Another expression of the public confidence awaited Mr. Sherman in 1787. Soon after the close of the war, the inefficacy of the old confederation between the states was apparent. The necessity of a federal constitution, by which the powers of the state governments and of the general government should be more nicely balanced, became everyday more obvious. Accordingly, in 1787, a general convention of the states, for forming a new constitution, was called, and Mr. Sherman, in connection with the learned Mr. Ellsworth and Dr. Johnson, were appointed to attend it, on the part of Connecticut. In this assemblage of patriots, distinguished for their political wisdom, Mr. Sherman was conspicuous, and contributed, in no small degree, to the perfection of that constitution, under which the people of America have for more than forty years enjoyed as much civil liberty and political prosperity as is, probably, compatible with the lapsed condition of the human race. Many of the convention, who warmly advocated the adoption of the constitution, were not, indeed, well pleased with every feature of that instrument. To this number Mr. Sherman belonged. He was of the opinion, however, as were others that it was the best which, under existing circumstances, the convention could have framed. On his return to Connecticut, when the question respecting the adoption of the Constitution came before the convention of that state, its adoption, according to the testimony of the late Chief Justice Ellsworth was, in no small degree, owing to the influence of Mr. Sherman. On that occasion, he appeared before the convention, and, with great plainness and perspicuity, entered into an explanation of the probable operation of the principles of the Constitution.
Under this new Constitution, he was elected a representative to congress, from the state of Connecticut. At the expiration of two years, a vacancy occurring in the senate, he was elevated to a seat in that body, an office which he continued to hold, and the duties of which he continued to discharge with honor and reputation to himself, and with great usefulness to his country, until the 23rd day of July, 1793, when he was gathered to his fathers, in the 73d year of his age.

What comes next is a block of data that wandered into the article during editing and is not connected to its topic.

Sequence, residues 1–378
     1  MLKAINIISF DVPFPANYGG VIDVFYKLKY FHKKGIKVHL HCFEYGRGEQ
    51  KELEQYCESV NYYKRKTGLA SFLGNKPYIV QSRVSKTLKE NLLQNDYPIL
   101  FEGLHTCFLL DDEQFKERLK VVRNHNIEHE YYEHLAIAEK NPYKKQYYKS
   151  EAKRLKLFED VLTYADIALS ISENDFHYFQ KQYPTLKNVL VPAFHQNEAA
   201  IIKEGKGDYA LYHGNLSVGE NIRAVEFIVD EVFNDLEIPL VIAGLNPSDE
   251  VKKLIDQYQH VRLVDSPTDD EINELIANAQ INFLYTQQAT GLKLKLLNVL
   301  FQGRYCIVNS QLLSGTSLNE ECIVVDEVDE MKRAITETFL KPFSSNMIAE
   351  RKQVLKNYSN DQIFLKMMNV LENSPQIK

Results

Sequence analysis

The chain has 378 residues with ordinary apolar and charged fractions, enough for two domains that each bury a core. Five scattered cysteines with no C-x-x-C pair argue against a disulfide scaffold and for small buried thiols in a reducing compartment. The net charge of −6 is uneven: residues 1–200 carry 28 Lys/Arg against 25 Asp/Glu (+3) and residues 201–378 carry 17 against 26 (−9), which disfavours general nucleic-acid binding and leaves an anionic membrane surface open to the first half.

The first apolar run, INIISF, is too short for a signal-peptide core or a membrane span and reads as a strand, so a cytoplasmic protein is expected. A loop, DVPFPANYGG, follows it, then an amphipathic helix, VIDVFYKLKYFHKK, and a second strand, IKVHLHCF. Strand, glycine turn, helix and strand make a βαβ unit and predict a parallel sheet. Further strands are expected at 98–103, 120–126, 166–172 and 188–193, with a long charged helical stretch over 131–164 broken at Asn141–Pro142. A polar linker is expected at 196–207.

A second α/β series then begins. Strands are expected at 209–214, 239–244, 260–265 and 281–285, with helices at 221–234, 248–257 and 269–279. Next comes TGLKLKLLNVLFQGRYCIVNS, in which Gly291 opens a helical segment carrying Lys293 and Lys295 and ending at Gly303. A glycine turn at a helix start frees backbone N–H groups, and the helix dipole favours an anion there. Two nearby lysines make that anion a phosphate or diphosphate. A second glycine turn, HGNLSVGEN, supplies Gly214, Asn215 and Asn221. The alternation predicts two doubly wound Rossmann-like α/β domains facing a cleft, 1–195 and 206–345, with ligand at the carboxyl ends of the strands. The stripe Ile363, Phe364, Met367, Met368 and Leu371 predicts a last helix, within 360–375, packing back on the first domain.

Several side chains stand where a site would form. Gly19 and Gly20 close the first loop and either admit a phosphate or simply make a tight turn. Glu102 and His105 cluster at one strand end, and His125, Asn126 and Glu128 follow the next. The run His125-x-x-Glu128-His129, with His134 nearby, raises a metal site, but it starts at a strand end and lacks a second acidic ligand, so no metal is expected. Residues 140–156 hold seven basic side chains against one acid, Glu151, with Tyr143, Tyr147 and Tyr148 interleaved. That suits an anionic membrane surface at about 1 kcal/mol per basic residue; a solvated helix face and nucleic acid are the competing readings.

In estimating the character of Mr. Sherman, we must dwell a moment upon his practical wisdom. This, in him, was a predominant trait. He possessed, more than most men, an intimate acquaintance with human nature. He understood the springs of human action in a remarkable degree, and well knew in what manner to touch them, to produce a designed effect. This practical wisdom, another name for common sense, powerfully contributed to guide him to safe results, on all the great political questions in which he was concerned; and assisted him to select the means which were best adapted to accomplish the best ends. With the habits and opinions, with the virtues and vices, the prejudices and weaknesses of his countrymen, he was also well acquainted. Hence, he understood, better than many others, who were superior to him in the rapidity of their genius, what laws and principles they would bear, and what they would not bear, in government. Of the practical wisdom of Mr. Sherman, we might furnish many honorable testimonies and numerous illustrations. We must content ourselves, however, with recording a remark of President Jefferson, to the late Dr. Spring, of Newburyport. During the sitting of Congress at Philadelphia, the latter gentleman, in company with Mr. Jefferson, visited the national hall. Mr. Jefferson pointed out to the doctor several of the members, who were most conspicuous. At length, his eye rested upon Roger Sherman. “That,” said he, pointing his finger, “is Mr. Sherman of Connecticut, a man who never said a foolish thing in his life.” Not less complimentary was the remark of Mr. Macon, the aged and distinguished senator, who has recently retired from public life: “Roger Sherman had more common sense than any man I ever knew.”